Do you follow celebrities, influential people or favorite blogs on social media hoping for a beauty tip, investment advice or other information that may lead you to purchase a specific product, change your lifestyle or perhaps make a significant life-changing decision?
Social media influencers populate many areas of consumer interest: hobbies; travel; financial advice; beauty products; designer clothing; diet, exercise and healthy lifestyles; and a variety of other topics. Did you know that social media influencers engage in a form of marketing intended to target potential buyers?
Influencer content may be framed as testimonial advertising where influencers portray the role of a potential buyer themselves or they may be third parties. These third parties can be either in the supply chain, such as retailers, manufacturers, etc., or may be so-called value-added influencers, such as journalists, academics, industry analysts, professional advisers, and so on.
Social media influencers aim to increase brand awareness and engagement with consumers, but first, you need to identify who these people are.
As long as social media influencers fully disclose that they are compensated for their endorsement or testimonial, there is nothing wrong with the practice. You will often see a disclosure in TV ads when celebrities are endorsing a product, such as life insurance or legal services. In this regard, you are fully aware that the celebrities are compensated and can determine the value of their opinion for yourself.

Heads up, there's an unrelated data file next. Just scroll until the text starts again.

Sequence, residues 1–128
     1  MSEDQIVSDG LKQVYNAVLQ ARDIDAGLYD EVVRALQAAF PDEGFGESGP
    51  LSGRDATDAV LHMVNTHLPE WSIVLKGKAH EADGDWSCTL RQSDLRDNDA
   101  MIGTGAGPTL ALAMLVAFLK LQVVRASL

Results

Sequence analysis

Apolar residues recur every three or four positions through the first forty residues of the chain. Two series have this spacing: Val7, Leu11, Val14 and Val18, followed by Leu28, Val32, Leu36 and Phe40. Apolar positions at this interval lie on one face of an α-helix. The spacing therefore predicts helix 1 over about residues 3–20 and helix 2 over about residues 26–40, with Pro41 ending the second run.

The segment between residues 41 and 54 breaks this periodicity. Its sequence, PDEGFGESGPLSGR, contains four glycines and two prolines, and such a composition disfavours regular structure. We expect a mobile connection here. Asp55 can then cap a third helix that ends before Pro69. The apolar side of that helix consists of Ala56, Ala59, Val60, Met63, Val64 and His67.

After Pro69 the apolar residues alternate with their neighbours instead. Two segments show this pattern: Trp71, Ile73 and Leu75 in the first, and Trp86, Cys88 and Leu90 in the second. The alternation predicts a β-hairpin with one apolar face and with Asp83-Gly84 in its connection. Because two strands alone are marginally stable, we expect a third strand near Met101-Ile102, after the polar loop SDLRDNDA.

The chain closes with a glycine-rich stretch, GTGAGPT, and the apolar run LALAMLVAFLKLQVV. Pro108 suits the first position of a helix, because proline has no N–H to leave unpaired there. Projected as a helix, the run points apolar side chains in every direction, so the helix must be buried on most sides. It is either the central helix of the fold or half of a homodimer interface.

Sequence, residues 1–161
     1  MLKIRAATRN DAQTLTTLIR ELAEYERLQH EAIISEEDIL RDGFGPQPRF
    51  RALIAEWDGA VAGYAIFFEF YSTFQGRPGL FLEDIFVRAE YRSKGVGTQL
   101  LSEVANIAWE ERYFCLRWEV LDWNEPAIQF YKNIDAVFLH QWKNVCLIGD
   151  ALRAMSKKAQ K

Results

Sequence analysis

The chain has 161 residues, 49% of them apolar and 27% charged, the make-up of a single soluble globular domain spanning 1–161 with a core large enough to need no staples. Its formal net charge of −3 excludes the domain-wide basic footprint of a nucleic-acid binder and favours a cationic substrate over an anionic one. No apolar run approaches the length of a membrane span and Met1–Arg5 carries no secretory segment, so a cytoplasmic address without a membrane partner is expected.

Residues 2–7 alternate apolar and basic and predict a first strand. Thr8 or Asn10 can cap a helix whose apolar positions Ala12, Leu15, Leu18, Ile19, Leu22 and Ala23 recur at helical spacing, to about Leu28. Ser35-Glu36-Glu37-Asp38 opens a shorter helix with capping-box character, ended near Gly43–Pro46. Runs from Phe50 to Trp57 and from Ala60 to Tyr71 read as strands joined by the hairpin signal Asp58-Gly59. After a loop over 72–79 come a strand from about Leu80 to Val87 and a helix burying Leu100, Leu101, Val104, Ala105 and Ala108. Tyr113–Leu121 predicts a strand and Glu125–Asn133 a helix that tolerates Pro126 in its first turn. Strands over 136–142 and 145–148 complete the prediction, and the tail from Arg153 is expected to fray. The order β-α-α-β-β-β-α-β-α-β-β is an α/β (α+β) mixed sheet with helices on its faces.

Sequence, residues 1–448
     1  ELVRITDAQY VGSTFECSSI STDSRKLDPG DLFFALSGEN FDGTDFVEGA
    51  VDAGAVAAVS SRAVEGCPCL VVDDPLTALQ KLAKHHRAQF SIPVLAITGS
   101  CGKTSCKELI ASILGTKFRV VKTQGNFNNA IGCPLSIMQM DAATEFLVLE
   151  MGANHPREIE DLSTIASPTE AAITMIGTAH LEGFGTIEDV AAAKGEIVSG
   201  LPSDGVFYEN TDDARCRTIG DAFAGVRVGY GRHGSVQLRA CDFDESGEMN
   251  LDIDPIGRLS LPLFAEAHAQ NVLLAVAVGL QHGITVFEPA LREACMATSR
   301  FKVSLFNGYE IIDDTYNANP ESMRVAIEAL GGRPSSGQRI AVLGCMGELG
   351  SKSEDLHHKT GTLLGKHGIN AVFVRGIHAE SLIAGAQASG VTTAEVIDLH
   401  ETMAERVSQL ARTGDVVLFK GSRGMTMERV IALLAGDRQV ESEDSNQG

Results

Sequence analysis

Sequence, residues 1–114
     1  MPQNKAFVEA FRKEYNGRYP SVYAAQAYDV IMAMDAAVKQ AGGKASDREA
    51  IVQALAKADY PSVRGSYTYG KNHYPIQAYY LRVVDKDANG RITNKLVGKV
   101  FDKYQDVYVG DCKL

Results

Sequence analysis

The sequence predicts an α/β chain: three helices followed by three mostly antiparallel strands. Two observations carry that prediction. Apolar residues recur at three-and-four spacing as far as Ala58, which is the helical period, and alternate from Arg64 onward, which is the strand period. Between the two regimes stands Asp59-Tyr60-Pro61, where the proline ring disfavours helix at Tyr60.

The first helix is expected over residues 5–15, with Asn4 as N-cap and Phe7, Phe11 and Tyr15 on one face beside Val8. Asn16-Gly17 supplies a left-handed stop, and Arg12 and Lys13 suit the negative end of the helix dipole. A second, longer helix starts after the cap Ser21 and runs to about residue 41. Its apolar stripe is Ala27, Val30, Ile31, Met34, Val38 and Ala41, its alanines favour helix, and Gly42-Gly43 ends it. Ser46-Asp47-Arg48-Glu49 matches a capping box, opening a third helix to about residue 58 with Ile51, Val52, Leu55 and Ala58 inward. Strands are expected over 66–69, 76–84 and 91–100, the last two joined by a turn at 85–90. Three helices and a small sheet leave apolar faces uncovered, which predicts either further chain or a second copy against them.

But what if a social media influencer isn’t playing by the rules?
Following a public comment period, the Federal Trade Commission has approved a final consent order settling its first-ever case against individual social media influencers, the owners of the CSGO Lotto website.
The Commission’s September 7, 2017 complaint charged Trevor “TmarTn” Martin and Thomas “Syndicate” Cassell, two online influencers who are widely followed in the gaming community, with deceptively endorsing the online gambling service CSGO Lotto, while failing to disclose they jointly owned the company. According to the FTC, the defendants also paid other well-known influencers thousands of dollars to promote the site on YouTube, Twitch, Twitter and Facebook, without requiring them to disclose the payments in their social media posts.
The Commission order settling the charges prohibits Martin, Cassell, and CSGOLotto, Inc. from misrepresenting that any endorser is an independent user or ordinary consumer of a product or service. The order also requires clear and conspicuous disclosures of any unexpected material connections with endorsers.
So the next time you are tempted to purchase a product or service endorsed in social media, stop and think — have they been compensated, perhaps they own the product, and make your decision wisely.
The Federal Trade Commission works to promote competition and to protect and educate consumers. You can learn more about consumer topics and file a consumer complaint online or by calling 1-877-FTC-HELP (382-4357). You can follow the FTC on Facebook or Twitter, and read its blogs for the latest FTC news and resources.